Kitchen of New Century Sizzles
                                               With Great Ideas

   Are kitchens in for changes now that we’ve crossed into a new century? Yes, interesting changes are underfoot, according to trends experts. Kitchens, they say, will continue to take on new roles, so they’ll have to become ever more spacious; further ease and the information age will come to appliances, which will drastically change lay-outs; and cabinetry will work differently and look like furniture.
Barbara Umbenhauer, a trends watcher at Rutt Custom Cabinetry, explains that kitchen design is closely tied to the way families live, and the busier families get, the more they want ease and comfort.
“The kitchen is no longer a place where mom presides over cooking and cleaning chores,” she says. “It’s a complete environment for families and friends. Family members don’t always eat at the same time. They’re in and out of the kitchen, sometimes at different times and sometimes at the same time. And in many homes, everybody cooks. That means there has to be multiple cooking and prep stations. We’re already seeing kitchens with two microwaves, two dishwashers, restaurant stoves with extra burners and grilles, a choice of ovens, and several sinks located at strategic points.
“Then, on weekends, guests pop in, and since every party ends up in the kitchen, it has to be great-looking, too. This is where the new furniture-like cabinetry comes in. A kitchen that incorporates furniture is more comfortable and civilized than a room of nothing but built-ins. Free-standing units that may look like armoires, built-in cabinetry that combines two colors, and antique finishes are some of the techniques used by designers to add charm and comfort to kitchens.”
                                                                       New Design Ideas

Barton Lidsky of The Hammer & Nail, an award-winning kitchen design firm in Wyckoff, NJ, feels that new refrigeration systems, which are available as a series of differently zoned cooler and freezer drawers and cabinets are already changing kitchens drastically.
“The fact that there’s no big hulking refrigerator to fit into the scheme of things has banished the need for the classic kitchen ‘work triangle’,” he says. “But that’s only part of the new freedom from formula design. Increasingly, our clients ask for design that would be unheard of a few years ago. A good example is a kitchen we designed with three islands, each one in a different geometric shape. The owner didn’t like the idea of built-in cabinetry along every wall.”
Lidsky agrees that kitchens will continue to grow in size, but he feels that designers must be careful to plan the space with niches and partitions to create different areas with a sense of intimacy.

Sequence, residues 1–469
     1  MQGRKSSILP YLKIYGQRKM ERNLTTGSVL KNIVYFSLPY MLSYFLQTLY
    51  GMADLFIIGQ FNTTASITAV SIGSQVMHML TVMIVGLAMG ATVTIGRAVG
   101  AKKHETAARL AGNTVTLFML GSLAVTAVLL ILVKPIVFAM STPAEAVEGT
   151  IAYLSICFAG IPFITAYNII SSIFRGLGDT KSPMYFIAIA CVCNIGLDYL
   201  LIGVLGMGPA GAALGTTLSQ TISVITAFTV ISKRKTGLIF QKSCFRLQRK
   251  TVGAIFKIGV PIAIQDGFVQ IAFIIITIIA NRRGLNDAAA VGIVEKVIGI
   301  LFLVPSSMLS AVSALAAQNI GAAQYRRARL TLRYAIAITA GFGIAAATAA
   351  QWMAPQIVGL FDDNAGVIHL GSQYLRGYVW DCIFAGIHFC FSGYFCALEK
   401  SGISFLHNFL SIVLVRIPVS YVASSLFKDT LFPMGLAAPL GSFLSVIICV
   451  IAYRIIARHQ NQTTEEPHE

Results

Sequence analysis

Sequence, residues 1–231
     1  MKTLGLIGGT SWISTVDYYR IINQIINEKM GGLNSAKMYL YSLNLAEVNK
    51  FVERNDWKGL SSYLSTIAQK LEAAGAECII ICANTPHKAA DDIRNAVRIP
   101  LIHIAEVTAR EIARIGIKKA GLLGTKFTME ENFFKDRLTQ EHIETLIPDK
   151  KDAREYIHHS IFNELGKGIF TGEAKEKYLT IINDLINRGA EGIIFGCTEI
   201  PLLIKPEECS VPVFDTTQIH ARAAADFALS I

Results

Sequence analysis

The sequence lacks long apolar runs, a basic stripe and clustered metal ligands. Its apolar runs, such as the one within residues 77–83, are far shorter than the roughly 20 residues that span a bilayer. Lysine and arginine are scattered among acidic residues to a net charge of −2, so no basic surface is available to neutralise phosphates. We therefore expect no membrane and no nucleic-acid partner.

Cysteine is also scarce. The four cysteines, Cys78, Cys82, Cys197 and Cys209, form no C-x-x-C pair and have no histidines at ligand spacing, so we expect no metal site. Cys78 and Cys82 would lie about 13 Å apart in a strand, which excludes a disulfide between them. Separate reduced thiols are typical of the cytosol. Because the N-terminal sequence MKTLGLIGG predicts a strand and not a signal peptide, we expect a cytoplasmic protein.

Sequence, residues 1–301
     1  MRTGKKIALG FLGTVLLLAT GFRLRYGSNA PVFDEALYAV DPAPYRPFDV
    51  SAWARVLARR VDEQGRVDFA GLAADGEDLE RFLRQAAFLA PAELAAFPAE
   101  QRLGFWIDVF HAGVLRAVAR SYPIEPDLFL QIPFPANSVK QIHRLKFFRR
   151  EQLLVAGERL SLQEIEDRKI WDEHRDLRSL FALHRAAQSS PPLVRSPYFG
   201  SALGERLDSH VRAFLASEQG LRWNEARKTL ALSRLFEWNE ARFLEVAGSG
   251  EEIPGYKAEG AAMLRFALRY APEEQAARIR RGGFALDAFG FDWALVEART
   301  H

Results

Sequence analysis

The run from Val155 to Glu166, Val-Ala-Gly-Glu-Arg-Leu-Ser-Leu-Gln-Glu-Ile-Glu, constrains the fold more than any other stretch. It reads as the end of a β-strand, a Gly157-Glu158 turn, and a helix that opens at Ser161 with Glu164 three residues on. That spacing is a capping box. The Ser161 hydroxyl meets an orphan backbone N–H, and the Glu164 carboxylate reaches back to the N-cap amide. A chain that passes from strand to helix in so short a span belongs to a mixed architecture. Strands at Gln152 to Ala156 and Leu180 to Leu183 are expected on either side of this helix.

“One large room is boring,” he notes. “It lacks movement, and it’s often noisy.”kitchen.jpg (11912 bytes)

                             Futuristic Appliances

North Carolina designer Janine Jordan, professionally known as Janine, foresees important changes in kitchen and appliance design.
“We’re already seeing dishwashers being raised,” she says. “But in the future, we may well have dishwashers in drawers or popping out of a countertop for even easier use. I can also picture refrigerators that are computerized to furnish shopping lists, recipe suggestions, etc. In the future, people could be grocery shopping on the Internet, and have the items delivered through a back panel of a refrigerator.”
Janine agrees that cabinetry that looks like furniture will continue to be a worthy investment and a factor in designing a home.
“It’s friendly and beautiful, and it takes the edge off all that technology,” she remarks. “However, even built-ins are being modified. Upper cabinets may go all the way down to the counter for better accessibility. Cabinet hardware mechanisms are ever evolving, too, to make storage easier to reach.”
Both Lidsky and Jordan say that countertops will no longer be one long slab of “whatever” material.
“We need multi-level counters for trans-generational use and safe access,” explains Janine. “And we need different countertop materials for chopping, parking hot pots, and serving.”
Umbenhauer says that Lidsky and Janine have zeroed in on the essence of the kitchen of the future. “It’s obvious that customization will be all-important,” she notes. “It’s not very likely that people’s lives will become less hectic, so they’ll be looking for comfortable and very personal homes, and a standard kitchen won’t do. Just like people now want custom-made jeans and cars, they’ll want kitchens designed and crafted expecially to accommodate the way they cook, eat and enjoy life.”
    For examples of beautiful custom kitchens, contact Rutt, PO Box 129, Goodville, PA 17528. 1-800-420-7888. The company’s 100 page Folio is $15.